Let’s Talk About Writing Groups!

 Before we get to the discussion today, I’d like to thank any readers who purchased and commented on Warrior, my newly released novel. For those of you who don’t know what it is, you can check it out here. If it looks interesting and you read it, be sure to leave some feedback somewhere. I love hearing from readers.

Anyways, I’d like to talk about writing groups today. They’re an important part of any person’s development as a writer, whether they take place online or face-to-face. Why? Writing groups get you in touch with other people, writers and readers, and people are good for your writing.

We need audiences when we work on our writing. A single person is not capable of looking at their work and seeing all the necessary revisions needed. More importantly, our best work happens when we write with others, not alone.

We’ve all had that one misconception of a good writer. They’re that person who sits in a room lit by candlelight. They peck away at a typewriter for hours, agonizing over each line, and everything they write is golden because that person has something special that no one else has.

This is a false notion. All great writers have a great editor, or a horde of them, that help out during the writing process. When there’s a group of people reading your work, you have the benefit of multiple perspectives on your writing. One person can read your work and have a problem with something. You might not change it. If four people have a problem with the same thing and actually talk their way through what specifically troubles them about it, then you actually have something to work with.

Writing groups are essential for this reason. Your story will never please every single person on the planet, but it can become something incredible by working with the people around you. And writing groups are a great way to get free editing and consulting on your work 🙂

The next big reason you should join a writing group: you will read other people’s work.

Reading and responding to another person’s work will not only let you experience a broader scope of writing, it will make you a better writer. I’m serious. A 2003 study by Jay Simmons examined several classes of high school and college students over the course of three years. Their collective data showed that students who had the opportunity to respond to peer writing the most often also scored higher in writing assignments.

So do yourself a favor and get a writing group together. Make a google doc, meet some locals. If you’ve got an internet connection, there’s really no excuse for writing alone. Try out some websites like fictionpress.com or wattpad.com. If you’re not writing strictly original fiction, join the communities at fanfiction.net or archiveofourown. They’re all great sources for writers to make connections with one another.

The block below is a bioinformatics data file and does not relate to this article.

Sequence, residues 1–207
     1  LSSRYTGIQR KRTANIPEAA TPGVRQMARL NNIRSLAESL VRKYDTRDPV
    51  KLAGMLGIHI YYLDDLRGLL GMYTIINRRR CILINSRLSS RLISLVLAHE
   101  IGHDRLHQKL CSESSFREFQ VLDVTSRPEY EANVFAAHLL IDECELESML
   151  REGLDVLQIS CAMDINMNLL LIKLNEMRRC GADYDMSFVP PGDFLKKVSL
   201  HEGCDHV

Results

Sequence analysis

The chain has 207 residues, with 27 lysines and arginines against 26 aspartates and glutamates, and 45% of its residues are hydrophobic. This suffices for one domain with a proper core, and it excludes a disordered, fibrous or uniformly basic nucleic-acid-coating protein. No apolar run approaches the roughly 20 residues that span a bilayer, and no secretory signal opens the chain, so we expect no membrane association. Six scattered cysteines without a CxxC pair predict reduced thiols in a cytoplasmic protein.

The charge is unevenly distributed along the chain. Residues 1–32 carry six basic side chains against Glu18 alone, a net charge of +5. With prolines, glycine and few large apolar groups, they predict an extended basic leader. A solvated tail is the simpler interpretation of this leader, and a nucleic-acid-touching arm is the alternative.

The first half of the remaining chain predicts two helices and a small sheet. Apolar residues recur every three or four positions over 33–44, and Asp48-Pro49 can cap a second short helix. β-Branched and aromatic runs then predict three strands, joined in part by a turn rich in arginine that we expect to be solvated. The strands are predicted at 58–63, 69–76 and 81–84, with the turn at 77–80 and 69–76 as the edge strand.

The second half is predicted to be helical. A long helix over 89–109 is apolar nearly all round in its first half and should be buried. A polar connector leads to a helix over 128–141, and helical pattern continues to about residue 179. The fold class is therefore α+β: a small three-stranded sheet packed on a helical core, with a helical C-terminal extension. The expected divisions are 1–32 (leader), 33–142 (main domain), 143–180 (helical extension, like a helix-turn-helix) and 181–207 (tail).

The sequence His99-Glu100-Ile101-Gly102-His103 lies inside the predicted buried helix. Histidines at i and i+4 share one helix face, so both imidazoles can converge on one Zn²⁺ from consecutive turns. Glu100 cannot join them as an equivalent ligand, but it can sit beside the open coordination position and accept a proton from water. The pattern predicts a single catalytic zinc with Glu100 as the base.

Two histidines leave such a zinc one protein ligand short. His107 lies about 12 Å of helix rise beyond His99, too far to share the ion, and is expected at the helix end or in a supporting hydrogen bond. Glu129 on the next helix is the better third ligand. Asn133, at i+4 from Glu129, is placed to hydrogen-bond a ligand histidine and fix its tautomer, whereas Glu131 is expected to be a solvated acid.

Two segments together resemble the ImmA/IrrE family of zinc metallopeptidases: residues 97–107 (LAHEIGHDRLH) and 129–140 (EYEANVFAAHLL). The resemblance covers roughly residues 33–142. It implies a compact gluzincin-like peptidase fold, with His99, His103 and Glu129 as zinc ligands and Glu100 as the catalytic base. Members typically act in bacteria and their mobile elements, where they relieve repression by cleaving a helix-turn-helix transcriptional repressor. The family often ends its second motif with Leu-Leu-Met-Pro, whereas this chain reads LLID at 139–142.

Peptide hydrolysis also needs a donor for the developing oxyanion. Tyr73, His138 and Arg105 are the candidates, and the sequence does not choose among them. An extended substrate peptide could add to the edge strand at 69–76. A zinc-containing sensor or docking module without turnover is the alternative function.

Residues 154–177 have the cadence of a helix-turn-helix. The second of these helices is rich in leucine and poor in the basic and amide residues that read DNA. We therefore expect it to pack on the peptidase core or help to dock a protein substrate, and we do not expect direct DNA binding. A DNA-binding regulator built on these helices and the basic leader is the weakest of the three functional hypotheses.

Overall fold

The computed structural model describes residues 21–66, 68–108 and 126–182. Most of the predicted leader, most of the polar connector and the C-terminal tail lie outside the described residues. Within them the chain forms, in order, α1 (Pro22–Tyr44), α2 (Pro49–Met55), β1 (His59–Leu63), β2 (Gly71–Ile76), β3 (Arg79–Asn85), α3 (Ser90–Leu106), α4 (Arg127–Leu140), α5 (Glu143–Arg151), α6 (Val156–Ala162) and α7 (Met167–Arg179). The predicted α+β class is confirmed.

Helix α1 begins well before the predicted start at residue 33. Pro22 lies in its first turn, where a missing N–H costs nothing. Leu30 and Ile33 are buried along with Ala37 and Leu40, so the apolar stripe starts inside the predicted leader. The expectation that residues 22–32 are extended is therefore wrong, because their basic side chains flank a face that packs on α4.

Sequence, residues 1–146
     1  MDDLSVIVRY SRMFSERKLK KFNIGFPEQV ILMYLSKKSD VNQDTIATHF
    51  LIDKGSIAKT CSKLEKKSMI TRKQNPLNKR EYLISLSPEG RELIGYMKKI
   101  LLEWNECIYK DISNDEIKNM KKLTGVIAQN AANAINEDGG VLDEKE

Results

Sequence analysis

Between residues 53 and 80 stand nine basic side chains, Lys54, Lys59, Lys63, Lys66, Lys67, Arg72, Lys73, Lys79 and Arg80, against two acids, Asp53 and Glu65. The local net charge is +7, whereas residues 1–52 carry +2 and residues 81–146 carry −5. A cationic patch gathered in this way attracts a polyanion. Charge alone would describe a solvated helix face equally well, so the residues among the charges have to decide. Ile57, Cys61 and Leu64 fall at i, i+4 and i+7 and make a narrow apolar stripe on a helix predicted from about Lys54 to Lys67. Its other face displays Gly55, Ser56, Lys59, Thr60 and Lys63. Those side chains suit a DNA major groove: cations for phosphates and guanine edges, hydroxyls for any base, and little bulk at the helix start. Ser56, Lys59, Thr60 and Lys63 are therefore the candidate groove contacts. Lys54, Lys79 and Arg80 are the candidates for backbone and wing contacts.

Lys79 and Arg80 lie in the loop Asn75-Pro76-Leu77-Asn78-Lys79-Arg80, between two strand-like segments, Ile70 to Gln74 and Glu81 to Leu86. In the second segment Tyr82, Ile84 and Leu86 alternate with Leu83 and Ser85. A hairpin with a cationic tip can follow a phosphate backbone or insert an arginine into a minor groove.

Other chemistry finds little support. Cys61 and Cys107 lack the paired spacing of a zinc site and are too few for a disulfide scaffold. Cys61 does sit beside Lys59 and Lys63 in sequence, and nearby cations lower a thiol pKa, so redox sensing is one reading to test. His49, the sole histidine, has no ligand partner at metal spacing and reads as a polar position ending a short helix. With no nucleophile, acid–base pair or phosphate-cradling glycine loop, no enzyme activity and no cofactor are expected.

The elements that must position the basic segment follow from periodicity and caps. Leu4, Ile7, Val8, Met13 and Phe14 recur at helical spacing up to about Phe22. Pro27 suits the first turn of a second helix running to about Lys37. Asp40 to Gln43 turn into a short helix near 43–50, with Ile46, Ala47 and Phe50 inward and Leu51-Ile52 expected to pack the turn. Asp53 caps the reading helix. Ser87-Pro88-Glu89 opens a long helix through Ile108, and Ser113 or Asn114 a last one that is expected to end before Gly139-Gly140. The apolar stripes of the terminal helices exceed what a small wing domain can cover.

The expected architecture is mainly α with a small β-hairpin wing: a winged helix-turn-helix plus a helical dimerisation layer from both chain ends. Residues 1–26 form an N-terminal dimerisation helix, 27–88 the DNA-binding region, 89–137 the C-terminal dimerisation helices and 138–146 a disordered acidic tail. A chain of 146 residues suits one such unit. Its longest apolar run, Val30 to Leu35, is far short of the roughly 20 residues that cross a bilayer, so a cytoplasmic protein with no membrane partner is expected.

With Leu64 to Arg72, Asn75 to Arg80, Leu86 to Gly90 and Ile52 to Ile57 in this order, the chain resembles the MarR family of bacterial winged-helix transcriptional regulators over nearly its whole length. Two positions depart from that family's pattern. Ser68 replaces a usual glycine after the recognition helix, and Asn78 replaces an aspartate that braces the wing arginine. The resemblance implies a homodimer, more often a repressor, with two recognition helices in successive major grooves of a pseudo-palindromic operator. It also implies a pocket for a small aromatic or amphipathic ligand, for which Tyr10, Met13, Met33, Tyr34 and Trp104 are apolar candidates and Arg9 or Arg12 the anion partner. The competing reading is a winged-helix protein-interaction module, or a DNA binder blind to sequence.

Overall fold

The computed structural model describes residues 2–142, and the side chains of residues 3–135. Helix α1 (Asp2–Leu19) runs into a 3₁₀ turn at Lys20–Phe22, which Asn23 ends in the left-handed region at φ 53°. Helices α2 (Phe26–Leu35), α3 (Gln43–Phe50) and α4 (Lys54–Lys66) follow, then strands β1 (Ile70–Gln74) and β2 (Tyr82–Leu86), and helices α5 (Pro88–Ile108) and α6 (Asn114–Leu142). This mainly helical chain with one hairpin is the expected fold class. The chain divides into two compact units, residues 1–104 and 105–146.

So audience, what have your experiences with writing groups been? If any?


Let’s Talk About Attention Economy!

Yeah, that’s a pretty big, fancy phrase I’m throwing around – attention economy. Fear not! It means pretty close to what it sounds like. 

The attention economy is the coined term used by some to define the economic system of the internet. Michael Goldhaber points out in his 1997 conference presentation that the internet primarily funnels information to people. In this sense, information is a product of the internet, an abundant one.

Why do we care about this? Well, that’s what I’m selling right now, information. Hopefully it’s in an entertaining and digestible format so you, the reader/viewer/audience, can understand what’s going on in the world.

I’m not really charging for this information, though. There’s no reason to. You could go google and read up on attention economy just as easily. There’s something else I’m (and every other internet user) is after with this blog: your attention.

Attention is the currency of the internet, or so attention economy theorists claim. It’s something I’m inclined to agree with, and it’s important that you understand this economy as a struggling young writer/blogger/youtuber because it’s what makes your paycheck. That’s right. Attention is what makes the money thing happen. Why else do we pay Facebook to generate likes for our pages? If you’re an independent writer, there is nothing more valuable in the world than other people talking up your book, mentioning it to others, or generally just posting a link to something related to your work anywhere on the internet.

Generally, people need to be entertaining in order to hold onto that attention. Something boring and educational like this little blog probably won’t generate a lot of interest (sorry reader who finds this fascinating!), but is good to get out there when the creative mood strikes you.

So! What can you, an indie writer, do to get some interest generated on the internet? Well, there are a few immediate options. My favorite one is fanfiction.